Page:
A firefly finally gets the hang of glowing by thinking of “his favorite thing to do in the world”—flying.
Steering well clear of biological accuracy (fireflies flash to attract mates), Bucheit introduces Nigel Duncan Gordon—depicted as a popeyed insect with a bright red head—who just can’t get the glow going. Finally, a wise old frog’s instruction to “think of the one thing that makes you happiest of all” leads him to figuratively and literally see the light. Both story and prose are amateurish (illogically, having learned to “believe in himself,” Nigel “join[s] the stars, the luminescent luminaries of the sky”). Becker renders flora and fauna with reasonable precision in the watercolor wetland scenes, but the text is printed in a cramped sans serif on crudely whited-out strips. The digital design is equally primitive, as taps will induce a few jerky movements or set glowing dots adrift, but there is no page index, nor any language available other than English despite claims to the contrary in the App Store ad copy. Furthermore, selecting the “Read” rather than “Listen” option at the beginning cuts off not only the bland audio narration, but the background music too. Interactive features notwithstanding, this doesn’t hold a candle to Eric Drachman and James Muscarello’s identically themed Leo the Lightning Bug (2001) or Eric Carle’s at least moderately franker The Very Lonely Firefly (1995).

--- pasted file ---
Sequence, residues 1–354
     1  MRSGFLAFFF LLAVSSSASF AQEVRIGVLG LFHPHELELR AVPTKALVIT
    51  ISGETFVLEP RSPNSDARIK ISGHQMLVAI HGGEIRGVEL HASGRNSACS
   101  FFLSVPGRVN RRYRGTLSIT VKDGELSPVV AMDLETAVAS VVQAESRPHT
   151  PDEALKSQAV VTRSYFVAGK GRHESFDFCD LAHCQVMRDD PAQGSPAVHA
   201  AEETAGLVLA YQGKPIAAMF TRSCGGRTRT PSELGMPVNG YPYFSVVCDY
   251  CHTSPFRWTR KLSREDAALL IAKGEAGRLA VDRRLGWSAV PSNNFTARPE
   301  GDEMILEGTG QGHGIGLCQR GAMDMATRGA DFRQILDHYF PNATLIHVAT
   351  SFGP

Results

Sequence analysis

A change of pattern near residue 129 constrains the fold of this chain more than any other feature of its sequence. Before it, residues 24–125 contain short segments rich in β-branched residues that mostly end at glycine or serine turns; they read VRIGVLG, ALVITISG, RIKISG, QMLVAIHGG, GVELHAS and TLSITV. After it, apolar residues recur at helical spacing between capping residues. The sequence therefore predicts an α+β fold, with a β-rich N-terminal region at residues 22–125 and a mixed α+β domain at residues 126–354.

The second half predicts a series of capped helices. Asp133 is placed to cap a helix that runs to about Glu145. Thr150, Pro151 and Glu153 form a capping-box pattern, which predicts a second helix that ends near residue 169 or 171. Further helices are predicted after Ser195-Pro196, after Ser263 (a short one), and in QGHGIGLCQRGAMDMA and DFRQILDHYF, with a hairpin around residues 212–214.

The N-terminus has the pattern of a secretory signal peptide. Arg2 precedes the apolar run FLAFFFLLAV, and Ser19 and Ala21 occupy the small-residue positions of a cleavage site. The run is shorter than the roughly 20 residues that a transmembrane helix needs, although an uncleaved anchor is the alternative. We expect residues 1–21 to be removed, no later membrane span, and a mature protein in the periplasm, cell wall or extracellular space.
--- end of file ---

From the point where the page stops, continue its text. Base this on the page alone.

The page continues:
Skip. (iPad storybook app. 6-8)